Hercules of the RH & DR

Mighty Hercules, a 4-8-2 of the RH & DR was on loan from that railway due to a shortage of steam motive power on the RER. He was a bit too long for the turntable and had to be disconnected from his tender to be turned round; a great favourite with visitors.

River Irt in Ravenglass Station.

River Irt was also in service that day. Built in 1894 and named Muriel originally, she is the oldest working 15" gauge engine. She was rebuilt in 1927 and altered in 1972 to her current appearance. I'm sure that these engines and their attendant rolling stock would make great models in 7mm scale, though I really must resist the temptation, I've enough to do without that! Click on the link below for more info about the engines of the RER.

And no... the Yankee Tank project has not been abandoned, nor has it been shunted into the great siding in the sky, in fact I'll be posting some pictures of progress in the next couple of days; so watch this space!

Friday, 3 October 2014

Yankee Tank, Basic Structure.

Yankee Tank  HR54

The basic structure of HR54 is progressing slowly. I've struggled recently with the riveted side tanks though I think I've made an acceptable pair at last after a good many failures. I used a G W Models riveting tool to make the rivets but found that due to the amount of play on the carrier that it was far from straight forward consequently it took me some time to tame the machine and get it to do what it was supposed to do, namely to press equally spaced rivets in a straight line! I scored guide lines on the back of the tanks and steadied the carrier with my finger to ensure that each rivet was plumb centre of the line, spacing was less of a problem as the machine handles spacing accurately. Once the rivets were pressed the side was then cut to shape. It is possible to side step the rivet problem by building HR102 which was built with plain tanks without rivets and displayed significant differences of detail from the other members of the class. In fact all five of the HR's Yankee Tanks display appreciable differences, no two are quite the same.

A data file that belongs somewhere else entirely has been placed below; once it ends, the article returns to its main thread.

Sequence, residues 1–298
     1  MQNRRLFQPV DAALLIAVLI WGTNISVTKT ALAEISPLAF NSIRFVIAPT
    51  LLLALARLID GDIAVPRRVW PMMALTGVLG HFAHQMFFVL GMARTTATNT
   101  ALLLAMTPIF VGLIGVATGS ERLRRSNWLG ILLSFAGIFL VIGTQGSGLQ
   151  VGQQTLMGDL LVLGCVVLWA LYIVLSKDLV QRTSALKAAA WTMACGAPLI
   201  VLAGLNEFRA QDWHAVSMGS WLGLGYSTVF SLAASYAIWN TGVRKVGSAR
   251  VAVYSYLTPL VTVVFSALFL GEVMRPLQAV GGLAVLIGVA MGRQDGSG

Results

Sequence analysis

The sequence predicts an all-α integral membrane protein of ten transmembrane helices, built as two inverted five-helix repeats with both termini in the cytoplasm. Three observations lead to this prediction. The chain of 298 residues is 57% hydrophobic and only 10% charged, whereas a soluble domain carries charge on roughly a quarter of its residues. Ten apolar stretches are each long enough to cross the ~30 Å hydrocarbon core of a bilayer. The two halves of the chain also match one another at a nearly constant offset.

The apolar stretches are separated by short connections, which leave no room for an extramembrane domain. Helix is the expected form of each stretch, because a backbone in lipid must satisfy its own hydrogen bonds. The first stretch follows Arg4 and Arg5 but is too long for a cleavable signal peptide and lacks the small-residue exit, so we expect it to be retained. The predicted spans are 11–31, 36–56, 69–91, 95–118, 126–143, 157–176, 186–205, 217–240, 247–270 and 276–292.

I realised at a rather late stage that the front spectacle plate does not form a corner with the cab side sheet, the latter overlaps the former slightly, a revelation that resulted in another cab side sheet ending in the bin.

The Yankee Tank cab is ideally suited to double-skinning. I made an inner skin for both the rear and front spectacle plate so that the glazing will eventually slip between the two. The front plate will have the back-head attached and the unit will I hope be removable to facilitate detailing the cab interior. I note that Nick Baines http://www.nickbaines.me.uk describing the construction of his latest LNWR Problem class engine uses double-skinning to facilitate not only the glazing but also to make the backhead assembly removable... I'll take a leaf out of his notebook.

The cab entrance is a mere 1ft 3in wide, which suggests that the Highland did not encourage fat engine drivers. One of the few components that I used from the original kit is the footplate and I found that to achieve this small gap I had to add 3in to the rear of the footplate which was under size. I soldered a strip of metal under the rear footplate up against the buffer beam to form a protruding ledge which supported the 3in wide footplate extension.

The edging that surrounds the cab and runs along the tank tops is quite a substantial half-round section that I'm using 1mm half-round brass material from Eileen's Emporium to simulate. Half -round is not easy to persuade into shape! As you can see I've made a start on the cab rear where the edging will both strengthen and help conceal the join between the cab front and rear.

HR 54 Yankee Tank

The side tank fronts will be made as a separate component, overlapping the inner side and making a flush joint with the outer skin. This is part of the basic platework of the superstructure along with the roof, steps and tanks inside the cab which I'll tackle next. The cab and tank edging will be added in the flat and the boiler bands will have to be soldered in place before the separate assemblies...cab rear, side tanks and the boiler are soldered together to complete the basic structure.

HR Yankee Tank details of side tanks and cab interior


Yankee Tank side tanks and cab interior detail

As details of the interior of the cabs and back-heads of these engines are practically non-existent I'll probably build a typical Jones back-head with appropriate period fittings. The side tanks run through into the cab. However the rear drivers run inside them and to allow clearance for them the inner tanks have to be made wider than those outside which makes for a cramped situation in the cab which will have to be considered when I design the crew for this engine.
The narrow entrance and the double-skin of the cab are well seen in this view, the splasher/inner tank tops and sides are not yet in place.